The contentious issue of whether South Africa will apply to trade legally in rhino horn remains in the hands of a mystery Panel of Experts (PoE) which South Africa’s Department of Environmental Affairs (DEA) is refusing to identify. The DEA announced earlier this year that it had appointed the PoE, but since then has consistently refused to identify the so-called experts and the basis on which they were selected, raising questions around whether the PoE is a truly objective body, or simply a puppet panel designed to push through the government’s proposal to apply for legalisation of the rhino horn trade.
At a parliamentary media briefing last month, the Minister of Environmental Affairs, Edna Molewa, again refused to divulge the names of the panel’s members, claiming that they were still undergoing a security investigation to confirm their suitability for the Panel. Only once they have been fully vetted will the DEA announce their names publicly, said Molewa. However, sources in the conservation arena have revealed that the PoE has already met on a number of occasions and have identified six of the 10 members as Fundisile Mketheni, Dr Mike Knight, Dr Sam Ferreira, Pelham Jones, Keith Lockwood, Mike ’t Sas-Rolfes – all of whom are vehemently pro-trade.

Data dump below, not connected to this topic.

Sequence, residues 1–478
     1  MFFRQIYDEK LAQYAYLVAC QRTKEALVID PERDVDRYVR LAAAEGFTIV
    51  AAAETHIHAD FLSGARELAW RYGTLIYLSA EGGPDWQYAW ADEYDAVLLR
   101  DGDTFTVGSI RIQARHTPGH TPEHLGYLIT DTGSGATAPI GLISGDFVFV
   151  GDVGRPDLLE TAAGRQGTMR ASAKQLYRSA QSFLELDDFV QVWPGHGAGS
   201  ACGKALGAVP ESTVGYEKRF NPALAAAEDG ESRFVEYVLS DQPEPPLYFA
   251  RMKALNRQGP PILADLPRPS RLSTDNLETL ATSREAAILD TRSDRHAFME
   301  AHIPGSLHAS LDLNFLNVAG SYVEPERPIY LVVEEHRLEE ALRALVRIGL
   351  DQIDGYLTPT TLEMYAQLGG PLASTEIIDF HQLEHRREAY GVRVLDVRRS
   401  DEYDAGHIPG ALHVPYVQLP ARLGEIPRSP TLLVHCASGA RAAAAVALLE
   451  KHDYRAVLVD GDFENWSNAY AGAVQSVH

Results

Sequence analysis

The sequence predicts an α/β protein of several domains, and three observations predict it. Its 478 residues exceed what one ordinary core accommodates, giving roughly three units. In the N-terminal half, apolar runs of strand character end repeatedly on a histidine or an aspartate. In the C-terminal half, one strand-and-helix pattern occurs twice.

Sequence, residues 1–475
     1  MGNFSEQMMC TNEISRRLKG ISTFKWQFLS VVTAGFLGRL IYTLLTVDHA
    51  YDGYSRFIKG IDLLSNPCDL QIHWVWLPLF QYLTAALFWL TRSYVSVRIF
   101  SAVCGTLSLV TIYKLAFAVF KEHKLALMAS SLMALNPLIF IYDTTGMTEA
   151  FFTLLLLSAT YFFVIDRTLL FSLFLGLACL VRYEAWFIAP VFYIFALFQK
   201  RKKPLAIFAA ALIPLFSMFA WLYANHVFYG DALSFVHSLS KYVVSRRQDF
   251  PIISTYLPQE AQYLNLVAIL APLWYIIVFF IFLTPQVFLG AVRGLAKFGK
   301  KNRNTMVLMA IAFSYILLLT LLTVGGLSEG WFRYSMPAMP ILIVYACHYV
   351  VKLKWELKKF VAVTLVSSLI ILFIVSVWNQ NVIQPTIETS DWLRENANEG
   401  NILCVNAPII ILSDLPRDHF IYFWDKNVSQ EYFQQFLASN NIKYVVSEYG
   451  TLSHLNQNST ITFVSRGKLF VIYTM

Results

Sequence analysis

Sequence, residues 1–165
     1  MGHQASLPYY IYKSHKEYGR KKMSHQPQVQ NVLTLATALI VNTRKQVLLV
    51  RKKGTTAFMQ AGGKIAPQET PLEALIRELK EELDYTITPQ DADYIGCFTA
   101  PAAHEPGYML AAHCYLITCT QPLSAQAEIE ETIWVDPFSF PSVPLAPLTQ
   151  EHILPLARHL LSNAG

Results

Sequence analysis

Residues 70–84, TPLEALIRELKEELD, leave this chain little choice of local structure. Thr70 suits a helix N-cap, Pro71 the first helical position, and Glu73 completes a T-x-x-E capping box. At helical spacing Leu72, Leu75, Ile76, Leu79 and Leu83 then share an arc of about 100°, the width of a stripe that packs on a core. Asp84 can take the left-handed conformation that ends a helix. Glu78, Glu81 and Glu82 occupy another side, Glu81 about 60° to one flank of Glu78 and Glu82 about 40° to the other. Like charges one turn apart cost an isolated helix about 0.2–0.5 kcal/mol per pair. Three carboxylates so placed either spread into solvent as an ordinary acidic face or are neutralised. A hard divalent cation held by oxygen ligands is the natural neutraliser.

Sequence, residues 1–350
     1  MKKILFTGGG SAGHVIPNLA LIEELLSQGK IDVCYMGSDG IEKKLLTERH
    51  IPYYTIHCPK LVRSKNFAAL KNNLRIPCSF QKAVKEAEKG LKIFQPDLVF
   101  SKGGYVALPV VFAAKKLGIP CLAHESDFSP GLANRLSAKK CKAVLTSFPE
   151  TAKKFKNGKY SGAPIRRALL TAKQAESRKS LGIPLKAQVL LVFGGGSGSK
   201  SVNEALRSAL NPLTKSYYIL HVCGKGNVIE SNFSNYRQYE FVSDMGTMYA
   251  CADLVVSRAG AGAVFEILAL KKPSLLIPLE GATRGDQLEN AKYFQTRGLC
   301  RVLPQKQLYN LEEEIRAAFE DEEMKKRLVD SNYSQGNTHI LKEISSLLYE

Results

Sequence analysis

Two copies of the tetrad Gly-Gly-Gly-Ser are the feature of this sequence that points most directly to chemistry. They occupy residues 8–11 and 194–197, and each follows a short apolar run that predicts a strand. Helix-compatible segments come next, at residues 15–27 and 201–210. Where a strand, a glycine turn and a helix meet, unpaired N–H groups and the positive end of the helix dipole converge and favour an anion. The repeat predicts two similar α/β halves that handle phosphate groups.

Terri Stander, Shadow Deputy Minister of Environment for the DA, called for the government to break the secrecy surrounding the PoE saying, “The Minister has consistently referred to this panel in her statements as being in operation since January 2014. I do not accept that a vetting process takes place after appointment and that such a process can last 9 months.” Stander then called for Minister Molewa to ‘act responsibly’ by providing the names, qualifications and affiliations of each of the members, as well as details of the process followed to identify and select them. She also questioned when the report would be concluded, and whether it would be made public.
‘It would be deeply concerning if the committee consisted of only ‘pro-trade’ or ‘anti-trade’ experts. We need a very robust, scientific discussion about the rhino horn trade in order to come up with a concrete plan on this important question,’ said Stander.
In South Africa this year alone, 771 rhinos have been slaughtered for their horn, making it clear that the government is losing the war against poaching. But despite repeated calls from conservationists for the government to amend legislation to enforce harsher sentences for poachers, less flexibility around granting of bail and properly engage with Mozambique and Vietnam the government has failed to address these crucial issues, instead gambling on legalising rhino horn trade to save the rhino.
Main Photo: (Michael Lorentz)